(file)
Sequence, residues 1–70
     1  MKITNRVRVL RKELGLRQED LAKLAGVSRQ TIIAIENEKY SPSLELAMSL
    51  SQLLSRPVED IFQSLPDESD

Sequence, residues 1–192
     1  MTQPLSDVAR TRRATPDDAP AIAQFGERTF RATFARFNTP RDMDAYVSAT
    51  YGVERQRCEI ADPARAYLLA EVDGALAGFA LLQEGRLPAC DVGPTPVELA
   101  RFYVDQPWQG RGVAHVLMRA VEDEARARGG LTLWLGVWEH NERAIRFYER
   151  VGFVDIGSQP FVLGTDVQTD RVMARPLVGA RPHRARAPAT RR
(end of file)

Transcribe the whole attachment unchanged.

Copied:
Sequence, residues 1–70
     1  MKITNRVRVL RKELGLRQED LAKLAGVSRQ TIIAIENEKY SPSLELAMSL
    51  SQLLSRPVED IFQSLPDESD

Sequence, residues 1–192
     1  MTQPLSDVAR TRRATPDDAP AIAQFGERTF RATFARFNTP RDMDAYVSAT
    51  YGVERQRCEI ADPARAYLLA EVDGALAGFA LLQEGRLPAC DVGPTPVELA
   101  RFYVDQPWQG RGVAHVLMRA VEDEARARGG LTLWLGVWEH NERAIRFYER
   151  VGFVDIGSQP FVLGTDVQTD RVMARPLVGA RPHRARAPAT RR